Despite having the highest mental illness levels in the UK, a male suicide rate double that of England and the Republic of Ireland and a critically underfunded health service, Northern Ireland remains the only region of the UK without a mental health strategy. Ulster University’s Professor of Social Policy, Deirdre Heenan, outlines the imminent need for a 10-year mental health strategy in Northern Ireland.
Northern Ireland has the highest levels of mental illness in the UK, with rates of mental health at least 25 per cent higher than in England. In Northern Ireland the legacy of the conflict and socio-economic factors have been identified as major contributors to the high levels of mental illness, with deprivation being a major predictor of area level mental wellbeing.
The legacy of the Troubles has cast a long shadow. Suicide rates are the highest in the UK and Ireland and are showing no signs of declining. More people in Northern Ireland have taken their own lives since the signing of the Good Friday Agreement in 1999 than were killed as a result of the Troubles between 1969 and 1997. The male rate of suicide in Northern Ireland is currently twice that of England and the Republic of Ireland.
Despite relatively high levels of mental illness Northern Ireland is the only region of the UK that does not have a mental health strategy and services are fragmented and poorly funded.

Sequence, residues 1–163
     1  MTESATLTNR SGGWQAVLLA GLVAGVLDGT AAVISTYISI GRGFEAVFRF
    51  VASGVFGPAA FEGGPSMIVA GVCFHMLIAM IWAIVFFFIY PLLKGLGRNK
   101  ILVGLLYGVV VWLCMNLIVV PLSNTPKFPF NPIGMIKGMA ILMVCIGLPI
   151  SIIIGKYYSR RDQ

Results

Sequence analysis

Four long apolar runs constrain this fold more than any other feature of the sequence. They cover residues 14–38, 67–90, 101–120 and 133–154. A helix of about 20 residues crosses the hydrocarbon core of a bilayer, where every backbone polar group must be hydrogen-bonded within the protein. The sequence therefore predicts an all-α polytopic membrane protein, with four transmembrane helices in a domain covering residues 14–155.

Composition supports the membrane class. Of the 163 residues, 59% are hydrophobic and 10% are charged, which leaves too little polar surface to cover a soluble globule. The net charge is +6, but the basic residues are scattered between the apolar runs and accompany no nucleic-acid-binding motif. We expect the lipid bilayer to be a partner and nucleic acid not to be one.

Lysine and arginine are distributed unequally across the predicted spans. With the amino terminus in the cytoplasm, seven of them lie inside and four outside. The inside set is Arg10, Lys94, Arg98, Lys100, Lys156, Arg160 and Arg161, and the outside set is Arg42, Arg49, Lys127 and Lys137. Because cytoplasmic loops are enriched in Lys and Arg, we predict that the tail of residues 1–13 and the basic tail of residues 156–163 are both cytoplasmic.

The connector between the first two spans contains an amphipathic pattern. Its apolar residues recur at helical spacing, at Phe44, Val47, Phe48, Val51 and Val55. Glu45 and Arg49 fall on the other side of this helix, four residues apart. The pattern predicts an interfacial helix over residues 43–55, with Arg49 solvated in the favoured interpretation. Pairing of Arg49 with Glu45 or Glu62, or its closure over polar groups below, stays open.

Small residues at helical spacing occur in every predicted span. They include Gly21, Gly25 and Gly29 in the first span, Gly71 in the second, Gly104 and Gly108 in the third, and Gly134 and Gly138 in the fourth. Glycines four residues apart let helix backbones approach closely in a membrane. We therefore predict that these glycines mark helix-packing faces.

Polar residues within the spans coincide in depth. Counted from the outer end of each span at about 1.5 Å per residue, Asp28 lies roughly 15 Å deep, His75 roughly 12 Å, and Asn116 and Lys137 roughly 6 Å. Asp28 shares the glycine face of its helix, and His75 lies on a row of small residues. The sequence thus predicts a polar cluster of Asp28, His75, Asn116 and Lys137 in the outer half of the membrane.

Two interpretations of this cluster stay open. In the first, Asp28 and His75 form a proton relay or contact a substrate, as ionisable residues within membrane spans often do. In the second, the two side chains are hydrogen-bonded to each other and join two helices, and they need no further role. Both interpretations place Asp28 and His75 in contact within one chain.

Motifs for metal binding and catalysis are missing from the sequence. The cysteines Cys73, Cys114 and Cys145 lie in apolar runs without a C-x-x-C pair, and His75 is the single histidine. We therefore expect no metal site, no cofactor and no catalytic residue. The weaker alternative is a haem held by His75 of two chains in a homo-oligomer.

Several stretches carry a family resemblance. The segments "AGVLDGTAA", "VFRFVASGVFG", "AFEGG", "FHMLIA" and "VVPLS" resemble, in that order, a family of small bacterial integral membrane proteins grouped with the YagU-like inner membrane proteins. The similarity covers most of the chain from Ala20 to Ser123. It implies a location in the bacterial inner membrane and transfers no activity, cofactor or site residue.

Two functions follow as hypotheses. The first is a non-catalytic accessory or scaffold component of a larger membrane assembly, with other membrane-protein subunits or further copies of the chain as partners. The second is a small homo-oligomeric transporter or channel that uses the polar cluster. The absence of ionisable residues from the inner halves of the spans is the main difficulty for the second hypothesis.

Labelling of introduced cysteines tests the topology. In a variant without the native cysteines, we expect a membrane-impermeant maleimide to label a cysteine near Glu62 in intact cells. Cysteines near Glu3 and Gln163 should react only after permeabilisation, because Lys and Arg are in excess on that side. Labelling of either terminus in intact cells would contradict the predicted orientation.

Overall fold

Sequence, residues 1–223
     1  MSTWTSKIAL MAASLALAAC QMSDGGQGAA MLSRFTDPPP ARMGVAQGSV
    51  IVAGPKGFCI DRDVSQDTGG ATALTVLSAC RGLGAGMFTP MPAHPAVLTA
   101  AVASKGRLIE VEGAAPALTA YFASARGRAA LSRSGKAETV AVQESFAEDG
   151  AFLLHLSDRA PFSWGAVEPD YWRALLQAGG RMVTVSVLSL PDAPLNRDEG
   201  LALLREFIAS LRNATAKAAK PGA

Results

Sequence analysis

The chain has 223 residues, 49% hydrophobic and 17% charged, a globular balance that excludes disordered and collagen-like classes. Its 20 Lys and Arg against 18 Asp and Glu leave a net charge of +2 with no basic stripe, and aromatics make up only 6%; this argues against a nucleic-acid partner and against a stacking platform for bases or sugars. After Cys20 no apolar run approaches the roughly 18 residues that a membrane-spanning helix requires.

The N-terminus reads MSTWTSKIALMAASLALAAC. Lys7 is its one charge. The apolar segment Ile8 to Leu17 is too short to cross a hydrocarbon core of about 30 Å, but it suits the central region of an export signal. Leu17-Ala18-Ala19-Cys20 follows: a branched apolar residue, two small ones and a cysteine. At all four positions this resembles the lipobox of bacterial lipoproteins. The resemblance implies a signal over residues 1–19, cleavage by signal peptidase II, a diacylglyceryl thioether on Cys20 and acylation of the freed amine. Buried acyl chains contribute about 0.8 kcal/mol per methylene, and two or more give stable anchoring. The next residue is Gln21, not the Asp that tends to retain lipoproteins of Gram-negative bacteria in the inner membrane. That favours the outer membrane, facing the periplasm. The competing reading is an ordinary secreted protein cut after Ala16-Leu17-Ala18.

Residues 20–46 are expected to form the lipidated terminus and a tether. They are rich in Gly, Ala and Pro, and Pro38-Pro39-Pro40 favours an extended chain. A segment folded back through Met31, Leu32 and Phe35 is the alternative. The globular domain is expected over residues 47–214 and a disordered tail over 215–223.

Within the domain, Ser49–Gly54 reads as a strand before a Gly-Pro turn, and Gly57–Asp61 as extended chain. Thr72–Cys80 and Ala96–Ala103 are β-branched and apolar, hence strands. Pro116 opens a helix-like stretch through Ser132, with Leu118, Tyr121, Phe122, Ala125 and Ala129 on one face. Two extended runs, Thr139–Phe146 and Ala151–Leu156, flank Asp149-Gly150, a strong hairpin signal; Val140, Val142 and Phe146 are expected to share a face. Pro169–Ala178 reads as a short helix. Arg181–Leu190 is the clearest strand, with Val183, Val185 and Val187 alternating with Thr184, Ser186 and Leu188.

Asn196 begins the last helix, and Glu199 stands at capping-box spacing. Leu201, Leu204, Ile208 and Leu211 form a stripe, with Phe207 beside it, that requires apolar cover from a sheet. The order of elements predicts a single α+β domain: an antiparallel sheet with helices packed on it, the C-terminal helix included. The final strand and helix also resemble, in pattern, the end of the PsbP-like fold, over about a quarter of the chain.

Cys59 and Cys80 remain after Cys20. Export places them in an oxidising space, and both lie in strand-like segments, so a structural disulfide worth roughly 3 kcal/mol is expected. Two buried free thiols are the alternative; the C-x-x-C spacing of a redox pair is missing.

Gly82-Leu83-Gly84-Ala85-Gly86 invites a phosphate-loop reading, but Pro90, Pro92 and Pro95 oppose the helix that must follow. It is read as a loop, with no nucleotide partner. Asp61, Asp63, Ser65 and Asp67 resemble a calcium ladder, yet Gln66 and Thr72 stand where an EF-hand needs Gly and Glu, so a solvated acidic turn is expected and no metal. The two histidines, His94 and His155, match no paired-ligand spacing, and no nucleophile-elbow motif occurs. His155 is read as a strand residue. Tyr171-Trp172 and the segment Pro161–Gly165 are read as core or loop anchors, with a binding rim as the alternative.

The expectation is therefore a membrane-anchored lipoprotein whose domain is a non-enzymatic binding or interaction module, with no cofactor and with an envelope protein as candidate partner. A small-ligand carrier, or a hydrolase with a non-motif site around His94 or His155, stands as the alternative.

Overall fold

In the last decade the health service in Northern Ireland has been subject to seven major reviews culminating in the Bengoa Report, ‘Systems Not Structures’. This wide-ranging review formed the basis of a 2016 ministerial statement, ‘Delivering for Change’ described as an ambitious 10-year plan for change. These reviews said relatively little about mental health, focusing instead on the reconfiguration of existing systems for delivery.
The Bamford Review continues to inform policy on mental health in Northern Ireland, despite having begun in 2002 and completed in 2008. The proportion of the health budget in Northern Ireland devoted to mental health is around 6 per cent, which is half that of England. This relatively low level of investment has led to underfunded psychological and mental health services and increasing waiting times. This legacy of increased psychopathology and under-resourced services is reflected in general practitioner prescribing rates for antidepressant medication, which are the highest in the UK.